Facts and Statistics on Homelessness in Ventura County

How Serious Is It?

“Many Americans struggle to afford a decent, safe place to live in today’s market,” writes the Urban Institute. “Over the past five years, rents have risen while the number of renters who need moderately priced housing has increased. These two pressures make finding affordable housing even tougher for very poor households in America.”

For households relying on government assistance or minimum-wage jobs, rental housing can be nearly impossible to afford, as shown in the following chart from the National Low Income Housing Coalition:

The Gap Between Affordability and Reality for Renters

The Gap Between Affordability and Reality for Renters

 

The cost burden of rent can be prohibitive for low-income renters, leading to a lack of available funds for medical expenses, food, clothing, transportation, and other basic necessities. The following chart offers on overview of the frequency with which California renters are cost burdened by their housing costs, broken down by income level:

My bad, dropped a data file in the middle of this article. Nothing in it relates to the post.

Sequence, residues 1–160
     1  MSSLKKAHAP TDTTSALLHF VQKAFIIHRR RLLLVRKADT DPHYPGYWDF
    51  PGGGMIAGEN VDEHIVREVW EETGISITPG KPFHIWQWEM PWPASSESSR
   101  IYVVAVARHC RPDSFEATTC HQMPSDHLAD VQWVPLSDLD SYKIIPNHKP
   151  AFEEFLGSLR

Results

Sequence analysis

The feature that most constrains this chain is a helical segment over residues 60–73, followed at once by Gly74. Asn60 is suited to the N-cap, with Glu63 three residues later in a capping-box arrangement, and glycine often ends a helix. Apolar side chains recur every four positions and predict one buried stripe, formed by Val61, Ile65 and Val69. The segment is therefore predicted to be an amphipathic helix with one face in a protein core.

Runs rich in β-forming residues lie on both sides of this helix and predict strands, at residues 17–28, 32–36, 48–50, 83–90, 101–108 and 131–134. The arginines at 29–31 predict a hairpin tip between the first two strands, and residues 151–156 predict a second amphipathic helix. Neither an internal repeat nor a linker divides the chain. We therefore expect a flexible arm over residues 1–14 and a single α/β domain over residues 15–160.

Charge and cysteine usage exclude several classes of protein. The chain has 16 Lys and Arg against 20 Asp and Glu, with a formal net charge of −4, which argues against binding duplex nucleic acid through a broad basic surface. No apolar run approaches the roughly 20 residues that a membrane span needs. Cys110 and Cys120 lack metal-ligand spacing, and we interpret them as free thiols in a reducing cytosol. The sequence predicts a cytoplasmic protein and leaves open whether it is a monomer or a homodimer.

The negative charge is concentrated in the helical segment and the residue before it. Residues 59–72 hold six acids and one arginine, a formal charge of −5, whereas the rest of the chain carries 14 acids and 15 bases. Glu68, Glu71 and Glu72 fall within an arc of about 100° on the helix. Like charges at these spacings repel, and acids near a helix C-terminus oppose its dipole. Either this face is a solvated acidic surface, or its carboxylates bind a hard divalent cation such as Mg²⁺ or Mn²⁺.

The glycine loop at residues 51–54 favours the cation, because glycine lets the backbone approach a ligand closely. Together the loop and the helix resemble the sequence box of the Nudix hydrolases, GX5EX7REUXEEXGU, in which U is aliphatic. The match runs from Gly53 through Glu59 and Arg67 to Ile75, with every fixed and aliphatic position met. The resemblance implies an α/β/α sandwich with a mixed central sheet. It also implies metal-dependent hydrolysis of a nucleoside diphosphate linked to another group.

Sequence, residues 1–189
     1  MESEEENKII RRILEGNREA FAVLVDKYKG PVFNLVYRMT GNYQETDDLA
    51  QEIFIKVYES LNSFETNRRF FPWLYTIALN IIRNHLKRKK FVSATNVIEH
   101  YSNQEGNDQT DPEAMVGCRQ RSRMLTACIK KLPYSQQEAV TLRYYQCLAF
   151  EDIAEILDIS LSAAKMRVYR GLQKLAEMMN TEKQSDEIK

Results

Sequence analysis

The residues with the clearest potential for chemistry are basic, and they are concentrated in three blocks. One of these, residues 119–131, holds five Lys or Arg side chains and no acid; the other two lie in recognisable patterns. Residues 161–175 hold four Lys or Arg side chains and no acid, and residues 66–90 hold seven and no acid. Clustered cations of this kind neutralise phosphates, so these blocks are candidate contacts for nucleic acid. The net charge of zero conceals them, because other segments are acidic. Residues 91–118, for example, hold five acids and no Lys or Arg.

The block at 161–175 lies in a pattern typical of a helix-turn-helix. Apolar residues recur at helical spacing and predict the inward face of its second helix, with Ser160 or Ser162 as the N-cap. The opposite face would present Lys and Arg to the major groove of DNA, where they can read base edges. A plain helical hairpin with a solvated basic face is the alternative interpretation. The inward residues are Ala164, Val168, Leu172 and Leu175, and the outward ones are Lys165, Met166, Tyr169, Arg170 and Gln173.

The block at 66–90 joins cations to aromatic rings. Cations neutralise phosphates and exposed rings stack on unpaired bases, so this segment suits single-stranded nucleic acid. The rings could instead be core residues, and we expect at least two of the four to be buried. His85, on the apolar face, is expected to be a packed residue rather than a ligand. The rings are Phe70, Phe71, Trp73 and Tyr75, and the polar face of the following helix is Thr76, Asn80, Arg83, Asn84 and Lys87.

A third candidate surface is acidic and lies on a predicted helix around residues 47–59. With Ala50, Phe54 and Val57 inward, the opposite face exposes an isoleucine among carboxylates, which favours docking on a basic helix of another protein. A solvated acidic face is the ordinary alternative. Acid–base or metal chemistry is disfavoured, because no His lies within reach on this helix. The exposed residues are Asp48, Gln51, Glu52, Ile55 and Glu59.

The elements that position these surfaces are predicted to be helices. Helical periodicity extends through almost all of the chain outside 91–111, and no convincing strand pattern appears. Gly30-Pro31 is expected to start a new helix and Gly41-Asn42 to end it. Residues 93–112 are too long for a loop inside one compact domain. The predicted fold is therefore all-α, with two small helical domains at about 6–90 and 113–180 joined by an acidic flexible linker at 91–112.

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“For every 100 extremely low-income (ELI) renter households in the country, there are only 29 affordable and available rental units,” the Urban Institute states. “As defined by the Department of Housing and Urban Development (HUD), extremely low-income households earn 30% or less of area median income.” In Ventura County, the number of affordable and available rental units is even lower, estimated at just 20 per 100 ELI households.

According to data released by the National Low Income Housing Coalition:

  • In Ventura County, the Fair Market Rent (FMR) for a two-bedroom apartment is $1,479. In order to afford this level of rent and utilities – without paying more than 30% of income on housing – a household must earn $59,160 annually. Assuming  40-hour work week, 52 weeks per year, this level of income translates into an hourly wage of $28.44.
  • In California, a minimum wage worker earns an hourly wage of $9.00. In order to afford the FMR for a two bedroom apartment in Ventura County, a minimum wage earner must work 142 hours per week, 52 weeks per year. Or a household must include 3.6 minimum wage earners working 40 hours per week year-round in order to make the two-bedroom Fair Market Rent affordable.

This data points out the clear and immediate need for the Hope Foundation’s services, which will provide access to new affordable housing in Ventura County, reducing the strain felt by many low-income residents of the area and giving families struggling with homelessness a new lease on life.

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